So maybe copy editing and/or reporting really is where my future is headed, with film writing---like the kind I occasionally contribute to The House Next Door---relegated to a side hobby. If so...well, in a way, that would validate exactly what my mother has been saying to me all these years.

I think I just felt a chill go up my spine in writing that. Not sure if I'm ready to face that harsh truth just yet...


Another slap-in-the-face reality check this past week came in the form of a meeting after work in which the full force of Rupert Murdoch's takeover of Dow Jones hit me like a kid swatting a fly. No, there were no warnings of layoffs at this meeting, thank goodness---but what one of our supervisors offered was arguably more unnerving: uncertainty. Essentially, no one really has a clear idea what Murdoch has in store for us, so all we can hope for now is possibly a smooth transition to a different kind of job within the company, just in case Murdoch has it in his mind to shut down the South Brunswick branch altogether and relocate all of us to the News Corp. building in New York. Something like that.

My only real regret here is a selfish one: my plans for spending two years at the monitor desk while educating myself artistically on the side may be ending sooner than I had hoped for. Adulthood, here I come---and I must confess, I'm nervous about meeting you, Adulthood, face to face, secluded as I have been here in quiet old East Brunswick, N.J. for the past few months.


You know what I haven't written about much recently? Politics---specifically the ongoing presidential race. I should probably say something about it, if only just to add a bit of variety to this blog. On the other hand, do I really have anything to say at all? I don't find myself all that enthusiastic about either Democratic candidate; despite her formidable intelligence, I've never really trusted Hillary Clinton's sincerity about anything; and while temperamentally I should be more enthused about Barack Obama than I am (and I was impressed with his candid speech on race a few weeks back), I'm equally suspicious of his rampant hope-mongering, especially how it'll all look if he gets into office and runs up against, you know, political interests and all sorts of avenues toward compromise. As for the so-called "presumptive Republican nominee" John McCain---well, I have to admit I have a more favorable view of him as a person based on his TV appearances and what I've heard about his record in Congress (anyone who stands up against torture as he has over the years is admirable in my book). I'm not sure, however, that I really want to stay in Iraq as long as it takes, as he has publicly pledged.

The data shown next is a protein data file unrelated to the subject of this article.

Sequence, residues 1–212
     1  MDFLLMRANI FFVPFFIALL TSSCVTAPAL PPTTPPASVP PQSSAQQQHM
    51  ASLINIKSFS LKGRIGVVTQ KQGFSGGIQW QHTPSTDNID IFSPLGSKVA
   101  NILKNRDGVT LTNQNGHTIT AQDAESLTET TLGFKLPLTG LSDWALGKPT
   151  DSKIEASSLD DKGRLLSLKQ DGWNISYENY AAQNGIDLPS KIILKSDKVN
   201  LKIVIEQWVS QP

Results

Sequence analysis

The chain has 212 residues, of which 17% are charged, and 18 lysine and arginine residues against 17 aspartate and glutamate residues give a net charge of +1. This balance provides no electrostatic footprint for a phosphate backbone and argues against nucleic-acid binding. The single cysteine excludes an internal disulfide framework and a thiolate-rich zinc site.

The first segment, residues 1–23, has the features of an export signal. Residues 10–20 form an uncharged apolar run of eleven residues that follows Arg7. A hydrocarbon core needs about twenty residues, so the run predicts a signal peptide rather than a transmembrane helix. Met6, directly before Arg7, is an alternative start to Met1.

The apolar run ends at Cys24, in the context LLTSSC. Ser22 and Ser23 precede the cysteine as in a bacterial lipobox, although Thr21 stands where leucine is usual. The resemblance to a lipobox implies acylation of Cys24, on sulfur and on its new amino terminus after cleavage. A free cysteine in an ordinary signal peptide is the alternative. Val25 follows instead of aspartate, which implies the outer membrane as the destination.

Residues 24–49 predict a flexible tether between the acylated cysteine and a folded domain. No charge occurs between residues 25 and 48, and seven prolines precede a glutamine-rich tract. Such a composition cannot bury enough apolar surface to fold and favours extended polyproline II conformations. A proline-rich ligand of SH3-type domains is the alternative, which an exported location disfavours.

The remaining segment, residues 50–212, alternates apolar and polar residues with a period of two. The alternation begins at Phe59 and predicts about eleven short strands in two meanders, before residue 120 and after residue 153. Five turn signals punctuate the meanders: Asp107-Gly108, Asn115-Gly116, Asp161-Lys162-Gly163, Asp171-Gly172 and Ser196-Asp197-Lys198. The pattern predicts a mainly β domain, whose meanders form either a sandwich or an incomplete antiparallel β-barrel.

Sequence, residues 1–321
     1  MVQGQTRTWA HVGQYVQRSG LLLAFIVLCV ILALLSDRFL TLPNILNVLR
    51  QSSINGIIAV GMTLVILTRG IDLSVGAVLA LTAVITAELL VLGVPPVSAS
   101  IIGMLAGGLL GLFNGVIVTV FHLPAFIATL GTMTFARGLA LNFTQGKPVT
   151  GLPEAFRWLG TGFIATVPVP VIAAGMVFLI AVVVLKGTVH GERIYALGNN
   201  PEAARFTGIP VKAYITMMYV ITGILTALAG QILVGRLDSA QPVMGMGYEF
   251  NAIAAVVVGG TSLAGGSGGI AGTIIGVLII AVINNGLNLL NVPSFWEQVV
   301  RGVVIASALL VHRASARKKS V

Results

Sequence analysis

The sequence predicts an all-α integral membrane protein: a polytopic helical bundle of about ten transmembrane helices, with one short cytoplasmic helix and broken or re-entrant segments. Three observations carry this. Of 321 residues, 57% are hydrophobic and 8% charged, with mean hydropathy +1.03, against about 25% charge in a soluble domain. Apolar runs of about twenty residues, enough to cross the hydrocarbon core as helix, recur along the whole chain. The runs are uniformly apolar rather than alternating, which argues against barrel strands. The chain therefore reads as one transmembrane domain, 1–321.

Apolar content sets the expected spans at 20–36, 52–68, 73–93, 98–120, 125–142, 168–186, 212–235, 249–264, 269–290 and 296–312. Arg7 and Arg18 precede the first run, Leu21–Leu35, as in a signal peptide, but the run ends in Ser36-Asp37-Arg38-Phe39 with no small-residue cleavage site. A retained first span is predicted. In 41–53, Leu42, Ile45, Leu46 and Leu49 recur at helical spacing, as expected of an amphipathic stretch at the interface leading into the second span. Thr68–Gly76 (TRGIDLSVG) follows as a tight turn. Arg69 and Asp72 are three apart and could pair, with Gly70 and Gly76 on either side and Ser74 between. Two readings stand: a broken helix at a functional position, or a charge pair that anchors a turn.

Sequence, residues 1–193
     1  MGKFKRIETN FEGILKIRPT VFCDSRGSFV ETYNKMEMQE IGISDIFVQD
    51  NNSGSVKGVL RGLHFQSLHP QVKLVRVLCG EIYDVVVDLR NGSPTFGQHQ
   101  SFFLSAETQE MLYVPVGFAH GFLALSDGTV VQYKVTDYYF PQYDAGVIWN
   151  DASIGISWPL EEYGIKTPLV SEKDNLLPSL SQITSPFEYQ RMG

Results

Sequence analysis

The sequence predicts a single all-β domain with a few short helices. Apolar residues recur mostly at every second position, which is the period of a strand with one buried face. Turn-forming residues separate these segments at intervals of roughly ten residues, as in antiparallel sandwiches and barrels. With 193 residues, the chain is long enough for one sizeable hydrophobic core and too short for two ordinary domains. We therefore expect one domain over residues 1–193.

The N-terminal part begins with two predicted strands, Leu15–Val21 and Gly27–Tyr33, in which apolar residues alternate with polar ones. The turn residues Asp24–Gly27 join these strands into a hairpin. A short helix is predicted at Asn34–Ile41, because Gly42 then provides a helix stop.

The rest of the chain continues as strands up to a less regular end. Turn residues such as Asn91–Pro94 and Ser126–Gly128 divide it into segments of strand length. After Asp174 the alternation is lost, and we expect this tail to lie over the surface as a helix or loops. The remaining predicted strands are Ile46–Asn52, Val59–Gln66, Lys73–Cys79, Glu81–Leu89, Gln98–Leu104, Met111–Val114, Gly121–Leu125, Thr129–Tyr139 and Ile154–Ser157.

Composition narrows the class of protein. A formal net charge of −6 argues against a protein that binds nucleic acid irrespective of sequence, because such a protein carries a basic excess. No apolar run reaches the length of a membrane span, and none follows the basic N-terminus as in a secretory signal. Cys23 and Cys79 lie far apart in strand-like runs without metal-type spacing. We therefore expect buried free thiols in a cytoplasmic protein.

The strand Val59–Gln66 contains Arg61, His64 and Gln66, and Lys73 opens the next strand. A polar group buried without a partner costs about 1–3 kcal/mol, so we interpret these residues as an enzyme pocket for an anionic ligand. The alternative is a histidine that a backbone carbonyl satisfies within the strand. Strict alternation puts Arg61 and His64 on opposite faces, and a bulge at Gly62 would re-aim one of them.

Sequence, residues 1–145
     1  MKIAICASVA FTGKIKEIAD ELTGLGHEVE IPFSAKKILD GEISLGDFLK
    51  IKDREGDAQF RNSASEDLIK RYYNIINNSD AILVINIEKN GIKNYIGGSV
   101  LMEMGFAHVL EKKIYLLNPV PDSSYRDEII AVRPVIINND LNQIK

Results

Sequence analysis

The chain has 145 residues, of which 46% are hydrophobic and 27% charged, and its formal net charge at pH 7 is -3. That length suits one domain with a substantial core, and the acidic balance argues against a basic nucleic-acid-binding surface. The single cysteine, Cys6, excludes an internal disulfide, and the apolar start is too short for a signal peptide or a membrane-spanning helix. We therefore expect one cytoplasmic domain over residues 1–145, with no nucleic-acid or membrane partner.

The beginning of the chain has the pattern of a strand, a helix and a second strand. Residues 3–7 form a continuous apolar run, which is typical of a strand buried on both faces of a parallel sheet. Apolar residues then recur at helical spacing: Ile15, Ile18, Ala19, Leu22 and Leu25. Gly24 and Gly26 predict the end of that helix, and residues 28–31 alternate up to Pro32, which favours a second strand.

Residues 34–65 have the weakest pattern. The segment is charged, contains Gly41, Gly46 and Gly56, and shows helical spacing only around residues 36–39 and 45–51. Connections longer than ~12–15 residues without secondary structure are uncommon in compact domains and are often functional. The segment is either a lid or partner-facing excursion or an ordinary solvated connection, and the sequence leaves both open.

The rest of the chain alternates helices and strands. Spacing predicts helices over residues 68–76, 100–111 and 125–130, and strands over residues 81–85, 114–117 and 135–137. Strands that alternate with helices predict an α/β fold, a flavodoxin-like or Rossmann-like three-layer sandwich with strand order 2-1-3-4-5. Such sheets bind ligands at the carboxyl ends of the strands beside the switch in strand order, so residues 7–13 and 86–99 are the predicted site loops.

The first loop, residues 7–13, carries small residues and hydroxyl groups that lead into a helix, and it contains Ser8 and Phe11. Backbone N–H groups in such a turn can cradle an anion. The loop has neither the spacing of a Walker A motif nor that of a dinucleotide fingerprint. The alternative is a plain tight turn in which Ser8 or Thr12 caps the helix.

But then, I also have to admit that I haven't really done all my research on these candidates, so maybe I shouldn't say anything more on the subject (for now). The only other thing I'll say right now, then, is: I hate politics. I really wish I could just stay indifferent to it all. I can't, of course; to do so would be to forsake my duty as an American citizen. But I just wish I could say to myself, and to others, "screw politics" without being tarred and feathered as a lamentable example of what is wrong with young Americans today. I just don't like to talk about it, and I could do without it, personally. But there's no avoiding it, so I have to be involved, in some way. As Sheriff Bell says in No Country for Old Men, "Okay. I'll be a part of this world."

Here's the Obama speech I referred to earlier: